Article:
Song of Roland Anonymous – Song of Roland

Set in the Carolingian age, it was composed much later on. There is a single extant manuscript of the Tune of Roland in Old French, held at the Bodleian Library at Oxford. [2] This copy dates between 1129 and 1165 and was composed in Anglo-Norman. [3] There are likewise 8 further manuscripts, and three fragments, of other poems on the subject of Roland. [4]

Some scholars estimate that the poem was composed, possibly by a poet called Turold (Turoldus in the manuscript itself), between around 1040 and 1115, and the majority of the alterations were performed by about 1098. Some prefer an earlier dating, due to the fact that it enables one to say that the poem was influenced by the Castilian projects of the 1030s, which the poem went on to be a significant influence in the First Crusade. Those who choose a later dating do so based upon what they translate as short references made in the poem to events of the First Crusade.

In the poem, the term d’oltre mer or l’oltremarin comes up 3 times in recommendation to named Muslims who originated from oltre mer to fight in Spain and France. Oltre mer, contemporary French Outremer, actually “oversea, beyond sea, opposite of the sea”, is a native French term from the classical Latin roots ultra=”beyond” and mare=”sea”. The name was commonly utilized by modern chroniclers to refer to the Latin Levant [5]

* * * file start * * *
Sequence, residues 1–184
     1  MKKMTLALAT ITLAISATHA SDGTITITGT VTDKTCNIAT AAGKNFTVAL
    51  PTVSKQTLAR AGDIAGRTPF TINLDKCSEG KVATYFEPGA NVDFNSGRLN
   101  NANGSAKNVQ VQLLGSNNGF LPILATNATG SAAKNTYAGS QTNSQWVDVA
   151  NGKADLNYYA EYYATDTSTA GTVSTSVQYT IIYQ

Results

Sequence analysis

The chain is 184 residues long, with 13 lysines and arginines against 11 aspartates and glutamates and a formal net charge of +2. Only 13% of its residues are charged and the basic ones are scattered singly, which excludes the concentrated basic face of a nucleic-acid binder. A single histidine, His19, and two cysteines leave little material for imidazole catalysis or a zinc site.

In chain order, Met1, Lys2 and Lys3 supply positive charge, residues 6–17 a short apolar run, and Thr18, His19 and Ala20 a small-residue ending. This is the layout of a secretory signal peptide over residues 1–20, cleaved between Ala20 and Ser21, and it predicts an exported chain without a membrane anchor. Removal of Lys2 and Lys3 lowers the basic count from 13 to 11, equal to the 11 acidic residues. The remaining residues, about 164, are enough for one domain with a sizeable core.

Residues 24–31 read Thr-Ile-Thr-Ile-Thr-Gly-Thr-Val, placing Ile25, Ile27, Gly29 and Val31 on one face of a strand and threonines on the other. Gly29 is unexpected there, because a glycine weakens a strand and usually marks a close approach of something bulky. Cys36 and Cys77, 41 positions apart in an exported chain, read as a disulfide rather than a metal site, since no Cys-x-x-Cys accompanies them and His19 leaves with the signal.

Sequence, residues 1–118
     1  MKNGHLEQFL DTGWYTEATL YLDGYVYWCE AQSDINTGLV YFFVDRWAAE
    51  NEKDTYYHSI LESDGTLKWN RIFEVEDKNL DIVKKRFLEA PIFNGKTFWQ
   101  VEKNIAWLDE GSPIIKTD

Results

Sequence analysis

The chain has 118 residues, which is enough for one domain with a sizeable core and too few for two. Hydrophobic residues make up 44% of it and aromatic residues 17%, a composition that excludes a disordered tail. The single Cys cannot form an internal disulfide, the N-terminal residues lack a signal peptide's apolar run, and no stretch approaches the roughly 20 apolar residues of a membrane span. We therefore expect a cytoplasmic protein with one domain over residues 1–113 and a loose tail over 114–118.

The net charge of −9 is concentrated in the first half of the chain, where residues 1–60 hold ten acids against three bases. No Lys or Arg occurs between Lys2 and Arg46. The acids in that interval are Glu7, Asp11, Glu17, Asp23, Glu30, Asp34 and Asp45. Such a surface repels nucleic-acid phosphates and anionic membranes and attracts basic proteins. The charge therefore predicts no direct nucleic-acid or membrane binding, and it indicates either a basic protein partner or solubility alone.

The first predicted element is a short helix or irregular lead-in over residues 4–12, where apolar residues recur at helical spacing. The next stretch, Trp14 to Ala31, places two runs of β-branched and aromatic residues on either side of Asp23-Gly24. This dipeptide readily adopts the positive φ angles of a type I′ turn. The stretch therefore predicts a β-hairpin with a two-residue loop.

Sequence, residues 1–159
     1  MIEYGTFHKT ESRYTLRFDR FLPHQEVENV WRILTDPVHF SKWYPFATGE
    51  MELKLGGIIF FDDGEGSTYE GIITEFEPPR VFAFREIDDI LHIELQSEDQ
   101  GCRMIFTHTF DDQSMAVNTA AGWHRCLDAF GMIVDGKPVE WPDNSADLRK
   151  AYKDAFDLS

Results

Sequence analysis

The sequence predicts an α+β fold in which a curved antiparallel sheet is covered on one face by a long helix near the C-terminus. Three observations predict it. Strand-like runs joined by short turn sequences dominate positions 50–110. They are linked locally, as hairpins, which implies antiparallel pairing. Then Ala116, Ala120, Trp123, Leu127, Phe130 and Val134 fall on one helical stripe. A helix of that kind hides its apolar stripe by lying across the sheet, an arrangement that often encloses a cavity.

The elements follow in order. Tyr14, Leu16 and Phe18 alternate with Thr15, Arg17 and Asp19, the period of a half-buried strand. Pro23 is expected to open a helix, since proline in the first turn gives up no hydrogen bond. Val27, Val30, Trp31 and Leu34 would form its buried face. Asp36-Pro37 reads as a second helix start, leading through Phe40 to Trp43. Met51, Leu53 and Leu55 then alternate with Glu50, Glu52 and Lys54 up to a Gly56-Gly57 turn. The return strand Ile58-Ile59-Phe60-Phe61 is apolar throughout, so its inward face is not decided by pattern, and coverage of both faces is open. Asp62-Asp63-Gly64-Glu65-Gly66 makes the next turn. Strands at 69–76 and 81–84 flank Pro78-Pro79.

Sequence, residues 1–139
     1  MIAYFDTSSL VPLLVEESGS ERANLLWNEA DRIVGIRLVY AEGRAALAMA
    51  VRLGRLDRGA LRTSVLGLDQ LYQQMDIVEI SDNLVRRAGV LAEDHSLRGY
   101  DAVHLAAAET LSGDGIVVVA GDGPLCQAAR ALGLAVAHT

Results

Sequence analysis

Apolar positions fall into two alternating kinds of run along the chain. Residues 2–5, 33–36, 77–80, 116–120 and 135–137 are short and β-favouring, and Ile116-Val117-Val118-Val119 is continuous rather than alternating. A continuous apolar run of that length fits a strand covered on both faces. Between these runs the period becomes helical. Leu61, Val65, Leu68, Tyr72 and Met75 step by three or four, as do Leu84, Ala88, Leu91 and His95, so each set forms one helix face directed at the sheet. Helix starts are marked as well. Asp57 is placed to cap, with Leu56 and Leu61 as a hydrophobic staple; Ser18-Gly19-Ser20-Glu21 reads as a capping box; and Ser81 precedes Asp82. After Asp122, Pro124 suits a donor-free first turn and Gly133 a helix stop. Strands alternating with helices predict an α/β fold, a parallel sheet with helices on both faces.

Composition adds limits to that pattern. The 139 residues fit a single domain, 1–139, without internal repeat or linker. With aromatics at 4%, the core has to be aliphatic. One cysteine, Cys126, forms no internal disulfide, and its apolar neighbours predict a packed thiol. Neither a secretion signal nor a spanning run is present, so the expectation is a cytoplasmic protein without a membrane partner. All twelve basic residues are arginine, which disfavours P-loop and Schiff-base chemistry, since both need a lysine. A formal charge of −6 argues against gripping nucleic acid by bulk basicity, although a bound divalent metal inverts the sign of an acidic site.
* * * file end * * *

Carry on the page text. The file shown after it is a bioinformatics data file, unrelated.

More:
The incident of this term in the poem can not be translated as revealing impact from the Crusades in the poem; on the contrary, the method it is utilized in the poem, in which it is simply a Muslim land, indicates that the author of the poem was unacquainted with the Crusades, and that the term remained in French before the Crusades started indicating the far side of the Mediterranean Sea. The bulk of the poem is adjudged to date from prior to the Crusades (which started in 1098), but there are a few products where concerns remain about these items being late additions quickly after the Crusades started.

After two manuscripts were found in 1832 and 1835, the Song of Roland ended up being recognized as France’s national epic when an edition was published in 1837. [6]


Certain lines of the Oxford manuscript end with the letters “AOI”. The meaning of this word or annotation is unclear. Scholars have actually assumed that the marking may have played a role in public performances of the text, such as showing a place where a jongleur would alter the pace. [7]